Monday, January 12, 2015


If you like vintage you might, like me, like history. If you like history you may also love genealogy.

Some of you may have experienced pregnancy obsession. With one of my pregnancies I was OBSESSED with genealogy. I just HAD to map my family history before this baby arrived! It was a primal need to find out this baby's family history as wide and as far back as possible. Pregnancy can cause you to become fixated on something, and for about six months I was genealogy crazy.

Genealogy reminds me of the sourcing we do for eBay. We scour through hundreds of items looking for that gem. We pass by all that filler, all the things we've seen a thousand times. We're looking for that golden nugget. This is the story of my personal favorite genealogy find.

An Inventory of the Estate of Benjamin Goodman, Deceased 1782

One of my 7x great grandfather, Benjamin Louis Goodman died during the Hayes' Station Massacre during the Revolutionary War. He was born here in Virginia, but settled in South Carolina with his wife Moriah, and their 10 children. This inventory of his estate was taken by her in her hand, in March 1782, five months after his death.

I count myself blessed to have a copy of this very interesting family history. Not only is it a very thorough inventory of the family's personal belongings, but it is also in my 7x great grandmother's handwriting, at a time when many women could not write. 

I almost didn't obtain this piece of history. I almost didn't look in the right places, make the extra effort, or ask the right questions, and this very cool part of my family history (and many other's as this man had ten children) could have been buried in a courthouse forever more. But luckily my pregnancy hormones would leave no stone un-turned. 

I can't remember why I decided to call a particular courthouse in South Carolina, but I called to try and find a copy of Mr. Goodman's will. I had a file number for him, so that was a start. I could tell the lady on the phone was not enthused about going into the deep catacombs of an old southern courthouse, but she promised to and call me back in an hour or two. When she did she told me she was sorry there was no will. Bummer. She started to hang up, but I quickly asked what the papers were "oh just some legal things" I asked her to send me copies anyway.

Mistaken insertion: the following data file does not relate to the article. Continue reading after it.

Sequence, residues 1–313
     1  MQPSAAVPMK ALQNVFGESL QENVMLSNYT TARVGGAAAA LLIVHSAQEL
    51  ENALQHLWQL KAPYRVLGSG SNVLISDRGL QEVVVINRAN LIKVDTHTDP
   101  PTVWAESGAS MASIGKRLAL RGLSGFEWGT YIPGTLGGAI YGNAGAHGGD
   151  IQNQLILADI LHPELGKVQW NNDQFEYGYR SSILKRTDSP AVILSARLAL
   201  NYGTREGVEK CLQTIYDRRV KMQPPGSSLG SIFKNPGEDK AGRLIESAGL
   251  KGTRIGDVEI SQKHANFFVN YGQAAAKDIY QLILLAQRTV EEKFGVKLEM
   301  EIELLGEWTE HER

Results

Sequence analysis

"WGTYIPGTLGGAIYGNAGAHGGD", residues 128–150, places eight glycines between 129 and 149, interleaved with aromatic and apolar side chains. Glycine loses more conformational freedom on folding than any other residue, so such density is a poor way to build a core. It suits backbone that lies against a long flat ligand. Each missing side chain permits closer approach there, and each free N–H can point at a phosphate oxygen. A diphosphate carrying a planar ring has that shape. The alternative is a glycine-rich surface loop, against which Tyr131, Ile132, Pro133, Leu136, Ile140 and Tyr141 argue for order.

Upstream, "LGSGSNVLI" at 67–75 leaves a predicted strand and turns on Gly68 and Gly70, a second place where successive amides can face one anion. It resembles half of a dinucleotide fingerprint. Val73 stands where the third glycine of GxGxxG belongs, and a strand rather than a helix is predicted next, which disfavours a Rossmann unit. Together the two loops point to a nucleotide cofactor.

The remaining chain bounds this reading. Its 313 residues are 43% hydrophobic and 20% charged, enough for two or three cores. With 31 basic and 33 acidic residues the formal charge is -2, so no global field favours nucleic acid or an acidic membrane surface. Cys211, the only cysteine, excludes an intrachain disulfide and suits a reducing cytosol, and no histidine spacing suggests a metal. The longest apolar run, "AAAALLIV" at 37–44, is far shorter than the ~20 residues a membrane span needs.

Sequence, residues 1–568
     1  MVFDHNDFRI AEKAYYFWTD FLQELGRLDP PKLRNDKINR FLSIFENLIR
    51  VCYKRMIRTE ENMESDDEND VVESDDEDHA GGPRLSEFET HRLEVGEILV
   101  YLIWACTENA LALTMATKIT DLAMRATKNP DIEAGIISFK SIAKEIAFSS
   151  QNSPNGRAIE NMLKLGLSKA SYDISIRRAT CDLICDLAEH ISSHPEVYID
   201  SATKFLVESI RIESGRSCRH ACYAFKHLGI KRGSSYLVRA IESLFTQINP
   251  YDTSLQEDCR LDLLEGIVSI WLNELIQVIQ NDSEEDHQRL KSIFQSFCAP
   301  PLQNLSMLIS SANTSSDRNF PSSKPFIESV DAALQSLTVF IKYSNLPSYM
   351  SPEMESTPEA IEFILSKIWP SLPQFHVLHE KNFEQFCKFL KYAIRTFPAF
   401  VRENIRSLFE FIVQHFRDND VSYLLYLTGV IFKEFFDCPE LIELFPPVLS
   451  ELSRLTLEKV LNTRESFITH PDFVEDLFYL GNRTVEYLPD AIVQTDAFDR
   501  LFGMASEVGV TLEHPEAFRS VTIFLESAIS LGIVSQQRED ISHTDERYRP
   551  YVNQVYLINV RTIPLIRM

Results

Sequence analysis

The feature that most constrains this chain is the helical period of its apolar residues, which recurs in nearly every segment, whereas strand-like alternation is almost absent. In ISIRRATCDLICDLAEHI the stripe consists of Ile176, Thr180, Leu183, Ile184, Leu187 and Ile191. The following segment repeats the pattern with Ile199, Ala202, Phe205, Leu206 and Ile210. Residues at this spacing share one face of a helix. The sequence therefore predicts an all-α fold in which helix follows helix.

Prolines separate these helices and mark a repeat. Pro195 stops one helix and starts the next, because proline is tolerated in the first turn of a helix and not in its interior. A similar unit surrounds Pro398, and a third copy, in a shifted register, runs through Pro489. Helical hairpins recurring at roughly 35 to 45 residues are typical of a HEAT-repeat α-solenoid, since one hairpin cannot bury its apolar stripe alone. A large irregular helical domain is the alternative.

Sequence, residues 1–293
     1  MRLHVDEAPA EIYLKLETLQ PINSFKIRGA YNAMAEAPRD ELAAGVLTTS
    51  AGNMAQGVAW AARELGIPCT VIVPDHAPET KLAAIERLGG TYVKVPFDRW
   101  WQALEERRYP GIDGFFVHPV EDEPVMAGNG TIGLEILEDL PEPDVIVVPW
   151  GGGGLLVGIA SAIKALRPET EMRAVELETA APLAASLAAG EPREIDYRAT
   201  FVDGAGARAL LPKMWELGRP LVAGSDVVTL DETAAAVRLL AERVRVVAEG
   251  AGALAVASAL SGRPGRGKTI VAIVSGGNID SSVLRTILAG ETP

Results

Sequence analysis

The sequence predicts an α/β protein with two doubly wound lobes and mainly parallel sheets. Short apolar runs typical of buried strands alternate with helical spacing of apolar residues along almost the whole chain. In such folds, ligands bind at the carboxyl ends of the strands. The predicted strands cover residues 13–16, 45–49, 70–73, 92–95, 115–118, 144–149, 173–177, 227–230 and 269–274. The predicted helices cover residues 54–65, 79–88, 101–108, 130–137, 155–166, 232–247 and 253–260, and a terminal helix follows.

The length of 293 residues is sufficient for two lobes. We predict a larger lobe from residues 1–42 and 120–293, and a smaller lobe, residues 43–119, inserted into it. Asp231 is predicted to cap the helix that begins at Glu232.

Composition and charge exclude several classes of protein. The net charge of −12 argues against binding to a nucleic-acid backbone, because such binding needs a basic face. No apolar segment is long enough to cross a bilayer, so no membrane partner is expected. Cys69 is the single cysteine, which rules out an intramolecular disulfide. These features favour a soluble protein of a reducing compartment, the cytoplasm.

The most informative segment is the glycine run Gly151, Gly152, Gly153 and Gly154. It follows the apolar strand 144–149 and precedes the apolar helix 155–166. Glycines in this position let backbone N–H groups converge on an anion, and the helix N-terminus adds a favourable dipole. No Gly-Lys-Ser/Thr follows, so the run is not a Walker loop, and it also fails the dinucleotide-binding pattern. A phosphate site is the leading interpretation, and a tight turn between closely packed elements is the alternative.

I had to send them a check first. This was so old school, but would you believe it was 2013?
A week after my check cleared I got a big thick envelope in the mail. It contained many more papers than I imagined. Including this wonderful inventory. 

Can you imagine what a Revolutionary era kitchen looked like? Smelled like?
43. two small copper skillets
44. one spice morter & pestle
45. one frying pan
46. one coffee mill

Reading over this inventory was like a trip back in time. It also taught me the important lesson of making the extra effort. If I hadn't called that courthouse I would have never known that such a gem lay hidden. Same goes for eBay. Sometimes we might be nervous of trying something new, like going to an auction or an estate sale. Sometimes we may not dig or ask questions at a yard sale. So go ahead, make that extra effort and you might uncover something really cool. 

Below are the full inventories and some VA Beach genealogy links. 

What is your favorite all time find, even if you kept it for yourself? Do you have any cool family history stories?

Virginia Beach Genealogy Links:


  1. I have a census page of my Dad's parents in 1910 when my Dad was just 1 year old. Since he was the "baby" of the family all of his brothers and sisters were there also. Handwritten in beautiful script and all of the neighbors are there also. The house I grew up in is the same house my dad lived in for over 70 years where that census was taken. I also have a deed for the cemetery plot where my grandparents are buried. Kinda neat because it prohibits the transfer of the deed to anyone not in the family. Again written in beautiful script.

    1. It's so neat to have the histories. I try to scan what I find and put it online for other researchers.

  2. What an amazing piece of history! You are so lucky! I was born in Poland an so much of it was destroyed during WWII that we only have records for my grandparents, and nothing older as it was destroyed in the war. :(

    1. I really feel blessed to have found it. And also that it's in makes it nearly impossible of you can't speak the language the records are in.

      It's so sad to think about all the records which have been destroyed.